Stanford scholars examine systemic racism, how to advance racial justice in America
Reflection on the Black experience in America as it relates to the continuing systemic racism and discrimination in the U.S. – issues many Stanford scholars are tackling in their research and scholarship (Getty Image)

A summer of protest following the tragic death of George Floyd, Breonna Taylor and other Black Americans; white supremacy on full display during the riots on Capitol Hill; a raging pandemic disproportionately affecting communities of color – events over the past year have only underscored how prevalent systemic racism and bias is in America today.

What can be done to dismantle centuries of discrimination in the U.S.? How can a more equitable society be achieved? What makes racism such a complicated problem to solve? Black History Month is a time marked for honoring and reflecting on the experience of Black Americans, but it’s also an opportunity to reexamine our nation’s deeply embedded racial problems and the possible solutions that could help build a more equitable society.

Stanford scholars are tackling these issues head-on in their research from the perspectives of history, education, law and other disciplines. For example, historian Clayborne Carson is working to preserve and promote the legacy of Martin Luther King Jr.; sociologist Matthew Clair is examining how the criminal justice system can end a vicious cycle involving the disparate treatment of Black men, and education scholar Subini Ancy Annamma is studying ways to make education more equitable for historically marginalized students.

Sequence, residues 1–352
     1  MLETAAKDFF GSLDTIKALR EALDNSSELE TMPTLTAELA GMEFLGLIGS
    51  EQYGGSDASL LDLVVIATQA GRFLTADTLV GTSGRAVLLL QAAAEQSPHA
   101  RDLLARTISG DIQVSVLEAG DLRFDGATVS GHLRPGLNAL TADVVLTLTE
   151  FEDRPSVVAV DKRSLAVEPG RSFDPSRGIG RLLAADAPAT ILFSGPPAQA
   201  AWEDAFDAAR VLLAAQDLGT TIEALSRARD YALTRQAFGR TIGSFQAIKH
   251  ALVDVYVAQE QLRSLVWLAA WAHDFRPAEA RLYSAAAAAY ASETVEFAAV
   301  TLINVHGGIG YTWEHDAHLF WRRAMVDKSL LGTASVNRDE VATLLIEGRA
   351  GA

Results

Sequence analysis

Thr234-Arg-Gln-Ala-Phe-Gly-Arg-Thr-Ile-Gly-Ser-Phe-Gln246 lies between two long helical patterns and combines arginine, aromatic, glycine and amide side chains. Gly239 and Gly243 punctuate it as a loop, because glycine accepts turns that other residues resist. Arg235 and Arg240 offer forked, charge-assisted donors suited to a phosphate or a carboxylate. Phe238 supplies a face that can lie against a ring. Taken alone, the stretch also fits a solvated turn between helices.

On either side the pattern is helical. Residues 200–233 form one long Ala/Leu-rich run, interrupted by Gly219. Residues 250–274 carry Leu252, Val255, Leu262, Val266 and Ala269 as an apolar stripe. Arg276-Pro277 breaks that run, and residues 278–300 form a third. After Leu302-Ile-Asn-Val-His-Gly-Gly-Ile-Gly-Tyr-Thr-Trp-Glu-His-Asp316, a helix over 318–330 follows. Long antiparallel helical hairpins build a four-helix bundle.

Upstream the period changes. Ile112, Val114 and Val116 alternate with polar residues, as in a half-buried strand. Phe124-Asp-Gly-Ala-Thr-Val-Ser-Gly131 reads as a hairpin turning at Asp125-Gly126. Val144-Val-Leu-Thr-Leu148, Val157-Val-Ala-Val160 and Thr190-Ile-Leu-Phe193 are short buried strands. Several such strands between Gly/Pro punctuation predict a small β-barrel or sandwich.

Understanding the impact of racism; advancing justice
One of the hardest elements of advancing racial justice is helping everyone understand the ways in which they are involved in a system or structure that perpetuates racism, according to Stanford legal scholar Ralph Richard Banks.

“The starting point for the center is the recognition that racial inequality and division have long been the fault line of American society. Thus, addressing racial inequity is essential to sustaining our nation, and furthering its democratic aspirations,” said Banks, the Jackson Eli Reynolds Professor of Law at Stanford Law School and co-founder of the Stanford Center for Racial Justice.

This sentiment was echoed by Stanford researcher Rebecca Hetey. One of the obstacles in solving inequality is people’s attitudes towards it, Hetey said. “One of the barriers of reducing inequality is how some people justify and rationalize it.”

How people talk about race and stereotypes matters. Here is some of that scholarship.

Examining disparities in education
Scholar Subini Ancy Annamma is studying ways to make education more equitable for historically marginalized students. Annamma’s research examines how schools contribute to the criminalization of Black youths by creating a culture of punishment that penalizes Black children more harshly than their white peers for the same behavior. Her work shows that youth of color are more likely to be closely watched, over-represented in special education, and reported to and arrested by police.

“These are all ways in which schools criminalize Black youth,” she said. “Day after day, these things start to sediment.”

That’s why Annamma has identified opportunities for teachers and administrators to intervene in these unfair practices. Below is some of that research, from Annamma and others.

Understanding racism in the criminal justice system